Ethical issues in Recruitment and Selection22nd February 2021
Posting a job ad for a position that does not exist. There are a few reasons this may be done: to see what talent might be available in a potential new location; to attract passive candidates to build up a talent pipeline; to use up remaining postings in an expiring contract with an online jobs board, if only to collect resumes; to see if current employees will respond to a blind ad, indicating they are ready to jump ship; or to foster the idea that the company is growing and stable, rather than the opposite.
If, for any of these reasons, a job ad is posted when no open position actually exists, applicants, employees, clients and customers may be led to distrust the company or recruiter due to unethical practices. Reputations can be ruined quickly with a simple social media post; allowing only actual openings to be advertised will alleviate this risk.
Some ethical ways of researching talent availability in a new location include:
- Gathering demographic data. Do your research to find out about the education level, cost of living and unemployment rates in the area. The Bureau of Labor Statistics, local unemployment agencies and other government groups have this information available and will provide it at no cost.
- Talking to local business groups. The Chamber of Commerce, Rotary Club or other local business groups can provide information on the employment climate in the area you are considering.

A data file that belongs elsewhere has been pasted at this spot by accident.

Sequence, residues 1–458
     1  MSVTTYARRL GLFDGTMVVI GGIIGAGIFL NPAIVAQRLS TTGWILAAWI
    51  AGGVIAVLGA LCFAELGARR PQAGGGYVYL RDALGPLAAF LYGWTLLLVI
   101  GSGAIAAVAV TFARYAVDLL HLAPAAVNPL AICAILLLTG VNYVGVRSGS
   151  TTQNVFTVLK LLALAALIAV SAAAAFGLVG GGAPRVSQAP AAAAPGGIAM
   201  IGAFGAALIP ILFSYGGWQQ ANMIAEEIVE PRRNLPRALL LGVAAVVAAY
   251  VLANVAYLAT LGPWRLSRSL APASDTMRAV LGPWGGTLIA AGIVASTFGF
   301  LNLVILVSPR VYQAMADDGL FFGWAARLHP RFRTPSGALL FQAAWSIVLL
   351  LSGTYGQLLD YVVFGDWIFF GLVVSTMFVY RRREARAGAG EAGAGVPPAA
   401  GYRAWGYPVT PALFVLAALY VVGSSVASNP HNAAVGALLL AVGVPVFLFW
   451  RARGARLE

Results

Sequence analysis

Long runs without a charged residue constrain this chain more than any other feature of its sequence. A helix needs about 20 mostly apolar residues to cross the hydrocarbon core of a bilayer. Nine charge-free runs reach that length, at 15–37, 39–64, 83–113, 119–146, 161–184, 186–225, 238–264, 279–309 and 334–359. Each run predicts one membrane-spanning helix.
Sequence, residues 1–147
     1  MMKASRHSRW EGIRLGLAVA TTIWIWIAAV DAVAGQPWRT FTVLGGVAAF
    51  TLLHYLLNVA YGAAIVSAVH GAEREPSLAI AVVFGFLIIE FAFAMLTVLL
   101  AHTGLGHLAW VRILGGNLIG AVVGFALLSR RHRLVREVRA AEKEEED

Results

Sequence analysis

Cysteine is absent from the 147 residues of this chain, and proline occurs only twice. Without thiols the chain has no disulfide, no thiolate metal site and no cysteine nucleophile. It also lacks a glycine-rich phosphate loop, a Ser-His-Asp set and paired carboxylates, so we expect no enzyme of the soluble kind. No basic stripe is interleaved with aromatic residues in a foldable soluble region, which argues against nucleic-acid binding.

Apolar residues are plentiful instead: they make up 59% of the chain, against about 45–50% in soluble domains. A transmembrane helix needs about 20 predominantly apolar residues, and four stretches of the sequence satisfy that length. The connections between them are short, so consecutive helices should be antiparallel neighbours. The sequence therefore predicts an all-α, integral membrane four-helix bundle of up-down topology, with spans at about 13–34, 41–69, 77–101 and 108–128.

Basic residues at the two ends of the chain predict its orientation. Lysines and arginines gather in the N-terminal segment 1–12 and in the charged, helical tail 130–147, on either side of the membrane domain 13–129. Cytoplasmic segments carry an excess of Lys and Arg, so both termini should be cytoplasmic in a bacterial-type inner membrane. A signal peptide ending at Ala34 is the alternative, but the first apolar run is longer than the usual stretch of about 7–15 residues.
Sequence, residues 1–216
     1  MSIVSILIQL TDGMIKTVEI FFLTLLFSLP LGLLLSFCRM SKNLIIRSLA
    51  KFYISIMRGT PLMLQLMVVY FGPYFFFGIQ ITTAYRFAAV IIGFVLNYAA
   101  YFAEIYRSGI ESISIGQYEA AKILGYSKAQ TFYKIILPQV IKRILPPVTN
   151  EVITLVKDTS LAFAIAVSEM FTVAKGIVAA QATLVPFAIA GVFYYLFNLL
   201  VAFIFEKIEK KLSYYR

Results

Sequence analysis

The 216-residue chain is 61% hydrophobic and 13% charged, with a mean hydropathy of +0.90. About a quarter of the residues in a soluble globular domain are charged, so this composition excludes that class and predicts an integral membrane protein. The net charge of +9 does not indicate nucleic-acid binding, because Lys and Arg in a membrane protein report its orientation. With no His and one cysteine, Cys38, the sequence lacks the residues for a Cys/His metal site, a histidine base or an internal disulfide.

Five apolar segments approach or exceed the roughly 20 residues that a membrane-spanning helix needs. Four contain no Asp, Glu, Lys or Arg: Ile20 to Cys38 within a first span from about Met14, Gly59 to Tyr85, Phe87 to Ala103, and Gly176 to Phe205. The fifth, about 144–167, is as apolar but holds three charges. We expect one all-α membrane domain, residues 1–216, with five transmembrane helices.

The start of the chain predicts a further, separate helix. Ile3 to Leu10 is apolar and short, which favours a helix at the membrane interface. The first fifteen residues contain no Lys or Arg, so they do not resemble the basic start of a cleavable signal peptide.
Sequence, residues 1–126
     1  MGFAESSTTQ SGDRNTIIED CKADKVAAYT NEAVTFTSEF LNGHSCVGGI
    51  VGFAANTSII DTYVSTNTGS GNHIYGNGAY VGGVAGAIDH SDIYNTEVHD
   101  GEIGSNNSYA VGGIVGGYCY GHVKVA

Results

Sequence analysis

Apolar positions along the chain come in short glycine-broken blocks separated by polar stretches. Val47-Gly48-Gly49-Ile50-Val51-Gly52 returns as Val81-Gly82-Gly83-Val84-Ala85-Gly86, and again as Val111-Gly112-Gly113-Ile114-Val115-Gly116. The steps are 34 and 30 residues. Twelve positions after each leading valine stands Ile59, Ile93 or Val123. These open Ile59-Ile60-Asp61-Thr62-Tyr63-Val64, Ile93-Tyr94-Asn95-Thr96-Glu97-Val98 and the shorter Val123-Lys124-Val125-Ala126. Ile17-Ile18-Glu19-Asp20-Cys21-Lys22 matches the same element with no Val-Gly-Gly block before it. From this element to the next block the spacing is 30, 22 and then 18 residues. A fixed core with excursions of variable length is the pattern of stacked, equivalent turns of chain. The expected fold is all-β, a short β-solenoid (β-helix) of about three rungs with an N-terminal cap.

- Reading local publications. These newspapers or journals can be a wealth of information, as they may discuss the local labor market or highlight growth or shrinkage among local industries. Review the sections in which the hiring and promotions of local employees are announced, to see where people are being hired and what types of positions are highlighted. Most of these sections also have listings of job openings in the area.
- Data mining resume databases. Sites like Monster or LinkedIn, where people can post resumes, will give you a good idea of talent availability in the local market. Use these resources not only to assess availability, but also to target top candidates if you choose to move forward.
Misrepresenting the duties or requirements of an open position. This generally occurs when a position is difficult to fill, or a recruiting quota needs to be met and desperation sets in. Promising more autonomy or authority than a position has can lead to an unhappy hire and even more cost to the employer when the new hire quickly leaves. The same holds true for hiring someone who is overqualified, or hiring someone who is underqualified and becomes overwhelmed and unproductive. To maintain ethical practices and integrity as a recruiter and for your company, be completely transparent with applicants about what the job they are applying for entails.
Unethical employee referral practices. While a popular and successful tool to hire quality candidates, employee referral programs can create ethical issues of which HR should be aware. These issues can arise when senior-level employees make a referral and expect a hire, regardless of merit; a referred candidate is hired, and there is a sense that the referring employee is indebted to the hiring manager for “doing him or her a favor”; and special interests, such as a client referral, carry weight over merit.